King Abdullah II of Jordan warned against the formation of a new Arab alliance controlled by “extremism.” The king openly attacked two Arab states and another regional state for seeking to launch a “new extremist alliance,” attendees of the meeting said. This came as a surprise to many national and leftist political figures with whom the king had met the day before yesterday [Dec. 10] at the house of former Deputy Prime Minister Rajai Muasher.

According to the attendees, who spoke on the condition of anonymity, King Abdullah II said his country “is facing serious regional challenges, but the kingdom has bargaining chips that it will use when the time is right.”

Regarding the Syrian developments, the king said that the regime of President Bashar al-Assad “can hold for two years at the military level, but not more than four months at the economic level.”

King Abdullah II revealed that Jordan “will host Israeli-Palestinian meetings in February to support the peace process,” pointing out that these meetings will take place “based on an understanding with the Europeans and the US.” The king pointed out that the kingdom is “betting” on the US position, which will shift its attention from “the internal arena to the external one, and will prioritize discussing the peace process and pushing it in the right direction.”

Regarding Jordanian-Egyptian relations – which are experiencing an unprecedented “chill,” according to Western and Arab diplomats interviewed by Al-Hayat in Amman – the Jordanian monarch was full of reproach for Egyptian President Mohammed Morsi, who hails from the Muslim Brotherhood. The king added that the Egyptian leadership had “marginalized the Jordanian role during the Israeli-Palestinian negotiations to stop the recent aggression on the Gaza Strip.” He clearly stated that he had informed President Morsi that there is “a Jordanian army in Gaza,” in reference to the Jordanian field hospital, which has been operating in the Strip since early 2009.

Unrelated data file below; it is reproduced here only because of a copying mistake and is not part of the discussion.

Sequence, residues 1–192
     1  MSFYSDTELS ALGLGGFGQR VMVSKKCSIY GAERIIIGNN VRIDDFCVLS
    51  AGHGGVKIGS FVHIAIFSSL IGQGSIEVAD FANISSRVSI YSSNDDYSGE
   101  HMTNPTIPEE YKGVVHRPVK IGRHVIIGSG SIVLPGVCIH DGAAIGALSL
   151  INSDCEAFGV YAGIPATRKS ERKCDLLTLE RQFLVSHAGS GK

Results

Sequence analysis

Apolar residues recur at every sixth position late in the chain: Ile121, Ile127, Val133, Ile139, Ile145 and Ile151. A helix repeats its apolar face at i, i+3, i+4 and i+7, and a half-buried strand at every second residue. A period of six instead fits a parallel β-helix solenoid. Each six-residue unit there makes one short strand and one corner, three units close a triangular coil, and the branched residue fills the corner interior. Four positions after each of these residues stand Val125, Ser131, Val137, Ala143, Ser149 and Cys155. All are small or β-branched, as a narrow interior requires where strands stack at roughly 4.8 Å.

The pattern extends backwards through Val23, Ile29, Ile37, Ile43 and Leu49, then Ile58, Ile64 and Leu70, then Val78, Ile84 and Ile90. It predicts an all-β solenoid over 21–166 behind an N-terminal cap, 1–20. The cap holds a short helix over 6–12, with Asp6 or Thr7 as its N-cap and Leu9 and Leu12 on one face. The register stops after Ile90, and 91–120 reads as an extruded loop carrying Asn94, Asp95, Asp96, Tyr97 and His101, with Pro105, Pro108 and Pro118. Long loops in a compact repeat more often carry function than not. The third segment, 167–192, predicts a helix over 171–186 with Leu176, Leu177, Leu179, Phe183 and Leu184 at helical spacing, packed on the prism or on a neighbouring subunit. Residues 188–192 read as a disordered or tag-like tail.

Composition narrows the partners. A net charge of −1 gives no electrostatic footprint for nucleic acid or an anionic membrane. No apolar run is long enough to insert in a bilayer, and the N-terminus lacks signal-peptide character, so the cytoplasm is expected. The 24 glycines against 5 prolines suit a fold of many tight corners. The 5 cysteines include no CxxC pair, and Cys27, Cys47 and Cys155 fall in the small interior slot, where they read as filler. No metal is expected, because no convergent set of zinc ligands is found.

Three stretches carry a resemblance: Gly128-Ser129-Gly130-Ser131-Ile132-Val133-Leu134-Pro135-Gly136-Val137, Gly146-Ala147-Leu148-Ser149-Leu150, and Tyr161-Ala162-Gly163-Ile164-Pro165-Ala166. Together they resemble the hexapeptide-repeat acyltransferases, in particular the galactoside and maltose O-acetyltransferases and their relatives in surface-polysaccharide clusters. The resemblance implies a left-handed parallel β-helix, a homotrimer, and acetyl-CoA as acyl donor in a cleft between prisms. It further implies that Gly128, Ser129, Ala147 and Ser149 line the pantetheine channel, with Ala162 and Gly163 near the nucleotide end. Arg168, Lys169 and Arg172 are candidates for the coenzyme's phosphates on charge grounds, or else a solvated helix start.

The king said that “Jordan was severely damaged as a result of frequent interruptions of Egyptian natural gas, which cost the state treasury about 5 billion Jordanian dinars [$7.04 billion],” stressing that the interruption of gas “is the real reason behind the economic crisis plaguing the country.”

Under previous agreements with the Egyptian authorities, Jordan used to import 80% of its gas needs for the production of electricity, which equates to a daily amount of about 6.8 million cubic meters of imported gas. However, the pipeline which supplies gas to Jordan and Israel was subsequently the target of frequent bombings.

King Abdullah II said that “Amman has bargaining chips through which it can send messages to Cairo, including the fact that 500,000 Egyptians are working in Jordan. Moreover, the kingdom is the only passageway for Egyptian vegetables being exported to Iraq, and tens of thousands of Egyptians working in the Gulf states are using the Nuweiba-Aqaba waterway in their travels.”

The Jordanian monarch made these declarations hours before receiving a phone call from the Egyptian president. The content of this call was not disclosed. However, it contained an Egyptian request to stop the Jordanian government’s decision to deport thousands of Egyptian workers for violating residency conditions.

Sources close to Jordanian decision-making circles told Al-Hayat that Amman wants to send these messages to Cairo in protest against the “slackening” flow of Egyptian gas to Jordan.

Other official sources talked about the arrest of thousands of Egyptian workers who have breached the conditions of their residency in the past two weeks, as well as the deportation of about 1,900 of them to Egypt, according to Jordanian Minister of Labor Nidal Qatamin. He said his country is not targeting Egyptian laborers, saying that the deportation decisions resulted from “violations of the usual procedures and applicable laws.”

Remarkably, according to official sources, of the 500,000 Egyptians working in Jordan, approximately 320,000 have violated the conditions of their residency.

As meetings and contacts are ongoing between the Egyptian Embassy in Amman and the ministries of Interior and Labor to try to contain the crisis – which has embarrassed Jordanian economic sectors, especially the construction sector – the arrest and deportation of Egyptian workers seem to be ongoing to this very day.

Al-Hayat tried several times to seek clarification regarding the employment crisis from the Egyptian Embassy in Amman, to no avail.

Politicians do not hide the fact that Jordanian-Egyptian political relations have been “chilled” since the fall of Hosni Mubarak’s regime and the arrival of the Muslim Brotherhood to power in Egypt. No meetings have been held thus far between the Egyptian president and the Jordanian monarch, and the meetings that have occurred between the two sides have been strictly ministerial.